Every attempt to get the Legislature to raise the stakes failed; until last year, when a bill finally made it through both houses. In August, 2003, Gov. Jeb Bush (R.) decided to not to veto the bill. He said limits placed last year on when cardrooms could operate made the bill acceptable. But Gov. Bush's main reason for letting the bill become law was, according to TheLedger.com, "It is changing, kind of, the rules of a poker game, taking away one thing and adding another and that really doesn't expand gambling."

Was he correct?

The bill, HB 1059, eliminates the $10 pot limit. But it replaces it with these new limits: "The cardroom operator may limit the amount wagered in any game or series of games, but the maximum bet may not exceed $2 in value. There may not be more than three raises in any round of betting."

It will certainly change what was nothing more than a lottery into something resembling true, low stakes poker. But will it greatly expand the games.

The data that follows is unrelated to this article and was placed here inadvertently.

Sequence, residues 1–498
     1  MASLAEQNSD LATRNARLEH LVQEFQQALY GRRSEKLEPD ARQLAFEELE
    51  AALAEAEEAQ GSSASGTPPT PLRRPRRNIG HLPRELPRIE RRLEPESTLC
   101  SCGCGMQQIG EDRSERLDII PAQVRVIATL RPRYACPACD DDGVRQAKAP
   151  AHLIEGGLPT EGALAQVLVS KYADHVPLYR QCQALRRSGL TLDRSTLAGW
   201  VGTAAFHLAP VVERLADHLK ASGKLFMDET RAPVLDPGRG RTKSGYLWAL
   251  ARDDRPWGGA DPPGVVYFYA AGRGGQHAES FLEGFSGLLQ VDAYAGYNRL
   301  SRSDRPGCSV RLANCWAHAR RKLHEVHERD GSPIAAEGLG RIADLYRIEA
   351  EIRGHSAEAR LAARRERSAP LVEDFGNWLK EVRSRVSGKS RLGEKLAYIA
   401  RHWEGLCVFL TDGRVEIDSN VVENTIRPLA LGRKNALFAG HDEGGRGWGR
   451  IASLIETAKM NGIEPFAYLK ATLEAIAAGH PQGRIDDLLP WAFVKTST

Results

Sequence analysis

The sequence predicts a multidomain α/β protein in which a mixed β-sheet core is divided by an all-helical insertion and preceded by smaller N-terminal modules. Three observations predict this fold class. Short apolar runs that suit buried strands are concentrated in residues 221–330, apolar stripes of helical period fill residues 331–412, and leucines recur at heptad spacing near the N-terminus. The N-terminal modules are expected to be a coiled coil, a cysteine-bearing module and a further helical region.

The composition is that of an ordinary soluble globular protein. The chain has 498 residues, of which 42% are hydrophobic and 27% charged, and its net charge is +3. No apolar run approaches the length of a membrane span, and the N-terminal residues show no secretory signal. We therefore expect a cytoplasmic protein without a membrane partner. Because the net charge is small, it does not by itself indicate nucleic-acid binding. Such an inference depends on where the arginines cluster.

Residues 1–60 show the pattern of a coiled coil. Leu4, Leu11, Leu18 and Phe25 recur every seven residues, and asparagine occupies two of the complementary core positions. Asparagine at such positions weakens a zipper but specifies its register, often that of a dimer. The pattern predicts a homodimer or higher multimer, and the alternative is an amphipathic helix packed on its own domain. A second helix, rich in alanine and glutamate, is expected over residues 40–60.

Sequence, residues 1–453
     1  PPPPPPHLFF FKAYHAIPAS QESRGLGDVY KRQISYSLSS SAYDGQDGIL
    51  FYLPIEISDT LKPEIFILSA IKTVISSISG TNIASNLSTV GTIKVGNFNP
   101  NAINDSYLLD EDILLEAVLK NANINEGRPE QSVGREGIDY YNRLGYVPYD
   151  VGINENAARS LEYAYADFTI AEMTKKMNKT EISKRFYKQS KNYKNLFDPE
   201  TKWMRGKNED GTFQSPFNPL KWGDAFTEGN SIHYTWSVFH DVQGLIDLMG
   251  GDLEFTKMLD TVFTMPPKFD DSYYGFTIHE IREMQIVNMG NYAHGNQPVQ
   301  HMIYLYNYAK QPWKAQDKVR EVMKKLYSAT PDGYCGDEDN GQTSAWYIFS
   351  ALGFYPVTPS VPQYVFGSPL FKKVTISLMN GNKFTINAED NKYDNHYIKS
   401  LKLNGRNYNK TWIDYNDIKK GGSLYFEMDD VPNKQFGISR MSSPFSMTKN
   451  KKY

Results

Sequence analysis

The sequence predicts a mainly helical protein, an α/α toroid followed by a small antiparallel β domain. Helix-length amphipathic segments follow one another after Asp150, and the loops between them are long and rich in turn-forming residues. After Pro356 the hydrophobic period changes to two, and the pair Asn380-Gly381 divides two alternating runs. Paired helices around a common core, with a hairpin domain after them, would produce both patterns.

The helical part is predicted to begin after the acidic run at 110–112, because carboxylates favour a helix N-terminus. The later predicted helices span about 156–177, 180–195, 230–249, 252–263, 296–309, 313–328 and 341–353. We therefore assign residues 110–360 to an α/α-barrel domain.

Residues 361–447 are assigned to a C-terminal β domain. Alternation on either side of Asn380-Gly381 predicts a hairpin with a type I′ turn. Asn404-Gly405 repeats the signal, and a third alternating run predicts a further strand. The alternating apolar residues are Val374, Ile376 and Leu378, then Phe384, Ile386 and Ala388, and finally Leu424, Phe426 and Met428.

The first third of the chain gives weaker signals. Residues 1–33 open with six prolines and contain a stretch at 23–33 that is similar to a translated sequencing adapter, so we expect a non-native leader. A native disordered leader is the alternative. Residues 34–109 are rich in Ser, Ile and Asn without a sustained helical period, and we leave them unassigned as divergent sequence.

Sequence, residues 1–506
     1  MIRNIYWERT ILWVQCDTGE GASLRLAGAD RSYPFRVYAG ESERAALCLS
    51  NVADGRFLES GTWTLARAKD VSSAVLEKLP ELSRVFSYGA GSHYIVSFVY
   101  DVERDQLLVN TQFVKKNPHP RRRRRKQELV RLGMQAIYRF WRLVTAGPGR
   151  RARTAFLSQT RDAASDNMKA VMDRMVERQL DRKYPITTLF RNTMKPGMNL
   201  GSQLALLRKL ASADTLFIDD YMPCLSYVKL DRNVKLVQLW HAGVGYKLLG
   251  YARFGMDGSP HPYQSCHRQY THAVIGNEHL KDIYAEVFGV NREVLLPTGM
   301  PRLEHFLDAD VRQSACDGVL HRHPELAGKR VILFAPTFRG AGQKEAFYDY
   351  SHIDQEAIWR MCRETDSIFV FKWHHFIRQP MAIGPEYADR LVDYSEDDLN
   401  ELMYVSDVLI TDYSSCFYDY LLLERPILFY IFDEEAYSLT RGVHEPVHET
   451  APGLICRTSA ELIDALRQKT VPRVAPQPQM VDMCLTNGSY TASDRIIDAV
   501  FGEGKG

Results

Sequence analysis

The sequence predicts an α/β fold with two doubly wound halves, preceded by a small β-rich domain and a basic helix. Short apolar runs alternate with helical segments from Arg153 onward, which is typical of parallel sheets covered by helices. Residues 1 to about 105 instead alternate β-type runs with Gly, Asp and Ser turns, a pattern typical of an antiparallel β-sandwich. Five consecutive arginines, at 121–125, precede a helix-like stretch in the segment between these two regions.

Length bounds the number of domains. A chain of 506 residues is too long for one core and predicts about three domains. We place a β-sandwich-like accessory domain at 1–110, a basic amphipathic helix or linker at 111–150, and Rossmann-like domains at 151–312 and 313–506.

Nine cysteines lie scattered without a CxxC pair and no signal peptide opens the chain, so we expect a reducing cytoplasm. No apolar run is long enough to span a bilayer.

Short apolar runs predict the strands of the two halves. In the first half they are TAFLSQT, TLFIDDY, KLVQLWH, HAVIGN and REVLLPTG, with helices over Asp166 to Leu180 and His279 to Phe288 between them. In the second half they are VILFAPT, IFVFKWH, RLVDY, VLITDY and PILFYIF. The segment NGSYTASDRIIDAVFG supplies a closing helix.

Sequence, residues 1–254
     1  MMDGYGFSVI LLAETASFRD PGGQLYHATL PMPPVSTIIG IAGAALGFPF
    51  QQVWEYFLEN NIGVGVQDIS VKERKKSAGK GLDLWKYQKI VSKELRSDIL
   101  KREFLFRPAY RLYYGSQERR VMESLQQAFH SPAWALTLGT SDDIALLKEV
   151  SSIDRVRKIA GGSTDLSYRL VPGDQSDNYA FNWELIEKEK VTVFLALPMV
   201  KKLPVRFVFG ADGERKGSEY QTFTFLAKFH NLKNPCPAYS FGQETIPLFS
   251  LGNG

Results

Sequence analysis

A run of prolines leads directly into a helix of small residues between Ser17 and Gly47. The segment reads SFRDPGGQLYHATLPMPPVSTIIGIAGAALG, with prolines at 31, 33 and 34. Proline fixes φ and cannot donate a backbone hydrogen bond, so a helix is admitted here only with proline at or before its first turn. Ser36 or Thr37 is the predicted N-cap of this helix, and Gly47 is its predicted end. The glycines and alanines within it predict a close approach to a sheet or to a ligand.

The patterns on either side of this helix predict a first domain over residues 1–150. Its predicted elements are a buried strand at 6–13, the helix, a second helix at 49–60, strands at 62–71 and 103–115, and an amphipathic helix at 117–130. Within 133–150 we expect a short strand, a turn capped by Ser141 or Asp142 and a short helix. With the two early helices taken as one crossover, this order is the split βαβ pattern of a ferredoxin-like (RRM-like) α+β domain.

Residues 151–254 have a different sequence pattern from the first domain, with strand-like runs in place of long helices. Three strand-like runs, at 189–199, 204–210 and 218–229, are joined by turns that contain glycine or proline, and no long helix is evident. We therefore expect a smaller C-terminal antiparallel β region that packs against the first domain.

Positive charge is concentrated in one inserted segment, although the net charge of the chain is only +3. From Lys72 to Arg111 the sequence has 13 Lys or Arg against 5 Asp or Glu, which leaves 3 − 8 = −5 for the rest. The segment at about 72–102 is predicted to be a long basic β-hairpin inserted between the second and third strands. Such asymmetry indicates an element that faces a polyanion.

My guess is yes.

Although there is a limit on bets and the number of raises per round, there is no limit on the number of rounds. Games like 7-Card Stud can get pretty expensive, but there is now every incentive to be inventive. I bet the first thing we see is the rules of Texas Hold'em being changed, so that there is a round of betting after the first down card and after each individual up card.

The lesson is: If you are fighting to legalize a new form of gambling, start with the stakes you want from the beginning. Your chances of getting the Legislature or voters to raise the limits once the law has been passed is about the same as your winning the World Series of Poker.

© Copyright 2003, all rights reserved worldwide Gambling and the Law® is a registered trademark of Professor I Nelson Rose, Whittier Law School, Costa Mesa, CA

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Best of I. Nelson Rose
I. Nelson Rose

Professor I. Nelson Rose is an internationally known scholar, public speaker and writer and is recognized as one of the world's leading authorities on gambling law. A 1979 graduate of Harvard Law School, he is a tenured full Professor at Whittier Law School in Costa Mesa, California, where he teaches one of the first law school classes on gaming law.

Professor Rose is the author of more than 300 books, articles, book chapters columns. He is best known for his internationally syndicated column, "Gambling and the Law ®," and his landmark 1986 book by the same name. His most recent book is a collection of columns and analysis, co-authored with Bob Loeb, on Blackjack and the Law.